As parishioners filed toward the street, I approached the young Capuchin-Franciscan brother and asked him to tell me his story, the story of the pantry and the story of St. Joan.
This is that story.
California born and bred, Filippino-American Andrew Corriente, 25, came east to earn a bachelor's degree in cinema studies at New York University in 2010. Although many slide sideways during college, Andrew felt a swelling spirituality within him.
"I guess all along I knew God was calling me," he told me with a sheepish smile. "I didn't think it would be this soon."
The pantry is just five rows of steel shelving in a small storeroom in what was the parish house until 2013, when St. Joan was merged into Holy Innocents parish. St. Joan is now a pastor-less "worship site," which is what the Philadelphia Archdiocese calls it. Sister Linda Lukiewski calls it a "mission," because "it sounds more friendly."
A cyclone fence embraces the lawn of St. Joan, on the corner of Frankford and Atlantic, and there's not a trace of graffiti. Sister Linda had sneakers removed from the overhead lines outside because they didn't look "respectful."
She has been at St. Joan for three years. She now keeps it afloat single-handedly, with a little help from her friends, including Andrew and Brother Andre Repucci, 35, a handsome 6-footer.
They form a trinity. The God Squad.
Most of the food comes from the Archdiocese and SHARE (Self-Help and Resource Exchange), a local food bank, both of which deliver. Food from other sources - schools, food drives, produce vendors - must be picked up, but each call for a pickup is a blessing.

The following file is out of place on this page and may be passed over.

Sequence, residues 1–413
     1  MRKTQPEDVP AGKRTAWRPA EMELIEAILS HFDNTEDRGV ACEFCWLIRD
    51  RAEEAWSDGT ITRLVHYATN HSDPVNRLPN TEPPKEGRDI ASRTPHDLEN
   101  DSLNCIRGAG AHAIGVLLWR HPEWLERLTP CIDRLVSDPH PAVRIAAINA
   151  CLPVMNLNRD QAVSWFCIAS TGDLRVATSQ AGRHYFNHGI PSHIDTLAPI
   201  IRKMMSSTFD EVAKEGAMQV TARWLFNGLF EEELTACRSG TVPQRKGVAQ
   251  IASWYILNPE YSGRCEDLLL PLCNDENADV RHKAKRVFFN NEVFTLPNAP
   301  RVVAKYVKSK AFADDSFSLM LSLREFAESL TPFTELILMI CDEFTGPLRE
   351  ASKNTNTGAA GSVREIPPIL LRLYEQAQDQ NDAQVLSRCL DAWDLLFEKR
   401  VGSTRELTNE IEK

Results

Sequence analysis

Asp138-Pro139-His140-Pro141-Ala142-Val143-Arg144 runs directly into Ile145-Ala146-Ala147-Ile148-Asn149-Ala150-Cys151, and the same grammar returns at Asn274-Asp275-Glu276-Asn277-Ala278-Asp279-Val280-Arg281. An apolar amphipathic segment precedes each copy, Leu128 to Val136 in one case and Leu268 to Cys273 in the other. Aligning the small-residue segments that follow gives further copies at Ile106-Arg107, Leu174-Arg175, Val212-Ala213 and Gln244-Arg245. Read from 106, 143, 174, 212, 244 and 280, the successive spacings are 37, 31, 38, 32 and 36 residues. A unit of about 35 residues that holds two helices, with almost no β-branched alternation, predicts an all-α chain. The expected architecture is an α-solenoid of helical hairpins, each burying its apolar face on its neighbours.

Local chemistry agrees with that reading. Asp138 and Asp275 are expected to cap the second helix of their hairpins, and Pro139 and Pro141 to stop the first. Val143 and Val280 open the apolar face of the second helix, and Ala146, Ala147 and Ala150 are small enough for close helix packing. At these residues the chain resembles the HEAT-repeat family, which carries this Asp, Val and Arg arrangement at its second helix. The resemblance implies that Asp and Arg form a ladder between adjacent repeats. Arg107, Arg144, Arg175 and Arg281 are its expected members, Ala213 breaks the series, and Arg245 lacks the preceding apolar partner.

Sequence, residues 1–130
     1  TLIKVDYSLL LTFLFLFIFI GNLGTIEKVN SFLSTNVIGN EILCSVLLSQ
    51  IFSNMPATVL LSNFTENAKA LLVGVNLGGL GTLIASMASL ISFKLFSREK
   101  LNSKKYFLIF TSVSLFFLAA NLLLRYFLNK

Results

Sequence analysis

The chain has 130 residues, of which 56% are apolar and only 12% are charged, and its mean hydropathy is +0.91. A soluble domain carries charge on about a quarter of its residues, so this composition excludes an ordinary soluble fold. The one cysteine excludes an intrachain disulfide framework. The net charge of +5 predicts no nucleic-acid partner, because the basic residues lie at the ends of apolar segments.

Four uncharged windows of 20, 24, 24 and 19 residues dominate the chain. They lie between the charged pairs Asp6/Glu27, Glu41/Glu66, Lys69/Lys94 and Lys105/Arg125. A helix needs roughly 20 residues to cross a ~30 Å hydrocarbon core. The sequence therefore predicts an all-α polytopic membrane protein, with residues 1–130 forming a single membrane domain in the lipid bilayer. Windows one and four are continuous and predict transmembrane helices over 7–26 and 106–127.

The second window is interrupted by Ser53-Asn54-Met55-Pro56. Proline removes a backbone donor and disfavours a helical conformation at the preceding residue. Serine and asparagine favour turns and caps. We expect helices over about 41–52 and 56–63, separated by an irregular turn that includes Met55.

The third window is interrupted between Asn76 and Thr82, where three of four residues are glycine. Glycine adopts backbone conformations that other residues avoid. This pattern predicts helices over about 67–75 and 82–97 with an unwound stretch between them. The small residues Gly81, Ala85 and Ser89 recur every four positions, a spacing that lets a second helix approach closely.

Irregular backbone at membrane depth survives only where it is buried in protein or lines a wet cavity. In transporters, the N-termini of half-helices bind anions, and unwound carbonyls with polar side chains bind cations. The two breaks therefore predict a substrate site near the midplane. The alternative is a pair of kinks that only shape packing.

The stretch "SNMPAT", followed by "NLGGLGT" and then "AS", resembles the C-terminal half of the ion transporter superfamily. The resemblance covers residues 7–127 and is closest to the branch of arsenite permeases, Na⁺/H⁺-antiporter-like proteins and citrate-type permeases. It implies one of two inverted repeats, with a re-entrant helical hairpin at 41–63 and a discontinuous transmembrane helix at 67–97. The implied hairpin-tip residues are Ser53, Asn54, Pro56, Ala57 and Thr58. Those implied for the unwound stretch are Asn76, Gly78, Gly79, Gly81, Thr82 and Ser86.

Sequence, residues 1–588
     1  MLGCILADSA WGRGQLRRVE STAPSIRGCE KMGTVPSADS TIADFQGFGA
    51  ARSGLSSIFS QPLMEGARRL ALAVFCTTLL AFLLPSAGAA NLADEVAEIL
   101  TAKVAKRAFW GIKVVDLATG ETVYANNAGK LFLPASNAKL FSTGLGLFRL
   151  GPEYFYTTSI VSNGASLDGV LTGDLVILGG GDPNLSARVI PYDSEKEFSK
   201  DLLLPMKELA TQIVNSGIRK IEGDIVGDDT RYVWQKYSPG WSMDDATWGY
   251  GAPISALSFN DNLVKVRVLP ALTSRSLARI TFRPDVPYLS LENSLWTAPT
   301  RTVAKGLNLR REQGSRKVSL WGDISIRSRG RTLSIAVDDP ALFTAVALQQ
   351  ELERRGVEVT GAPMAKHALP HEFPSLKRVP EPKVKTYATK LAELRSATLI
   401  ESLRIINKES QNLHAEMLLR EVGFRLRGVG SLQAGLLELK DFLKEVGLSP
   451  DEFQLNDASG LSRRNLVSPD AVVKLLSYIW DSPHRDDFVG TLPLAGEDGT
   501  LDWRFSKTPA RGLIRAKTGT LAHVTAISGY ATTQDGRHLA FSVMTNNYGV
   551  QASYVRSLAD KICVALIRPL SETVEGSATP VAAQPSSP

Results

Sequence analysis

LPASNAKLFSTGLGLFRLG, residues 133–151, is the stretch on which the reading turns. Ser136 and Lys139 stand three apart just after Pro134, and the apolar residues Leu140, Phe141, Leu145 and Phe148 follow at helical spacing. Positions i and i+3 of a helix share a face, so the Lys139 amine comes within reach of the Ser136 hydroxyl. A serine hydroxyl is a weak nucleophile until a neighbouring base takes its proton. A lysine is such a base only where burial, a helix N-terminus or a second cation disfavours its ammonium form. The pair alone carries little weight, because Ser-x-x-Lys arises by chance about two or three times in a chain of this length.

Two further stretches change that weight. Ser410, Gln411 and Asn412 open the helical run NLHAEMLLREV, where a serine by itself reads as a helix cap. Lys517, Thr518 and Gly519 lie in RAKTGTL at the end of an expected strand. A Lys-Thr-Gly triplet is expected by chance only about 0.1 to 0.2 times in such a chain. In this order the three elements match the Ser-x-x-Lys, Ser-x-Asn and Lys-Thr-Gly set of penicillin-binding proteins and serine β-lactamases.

The number of people helped is, well, humble.
The pantry serves 70 households once a month, about 200 people. Each family gets six cans of whatever is on hand, Andrew said, plus a carbohydrate (such as pasta or rice), and, if available, produce and a protein, such as chicken.
To me, six cans - and they are not big cans - plus a few extras is meager.
To Andrew, it is six cans more than the 70 families would otherwise see. Through his faith, Andrew sees glasses as half-full.
When the pantry chores are done, Andrew and Andre may join Sister Linda for home visits or cleaning up the area.
The religious brothers teach English to immigrants who know fluency is the ladder of success. While I was there, Mateo Vasconcelos showed up for class. He is Brazilian, a Portuguese speaker who is diligent, according to Andrew. Students are charged $10 tuition, just to give them skin in the game.
Andre, whose father is Italian-American and mother is Thai, is a graduate of Youngstown State University, where he earned a business degree. He then went into the Air Force, where he was a computer programmer, then spent a couple of years in Thailand acting in a sitcom.
He started to hear the call in 2004. He began praying, saying the rosary, searching his soul. The idea of "living simply to serve the poor and empower others" became irresistible, he said.
After finishing daily chores at St. Joan, Andrew and Andre drive to collect two other brothers who are working in other ministries around town. They return to their West Philadelphia friary for a couple of hours of free time, followed by dinner, Franciscan instruction and prayer. Each day begins and ends with prayer.
Andre and Andrew banter like fraternity brothers, but they are Capuchin-Franciscan brothers and in May they leave for their yearlong novitiate, secluded from society. That is designed to develop a relationship with God and to determine "Is this really what you want to do?" said Andrew.
If the answer is "yes," it's off to Catholic University in Washington, D.C., to study for six years to become a priest.
When they leave to heed God's call, the hungry in Harrowgate will remain in their prayers.
On Twitter: @StuBykofsky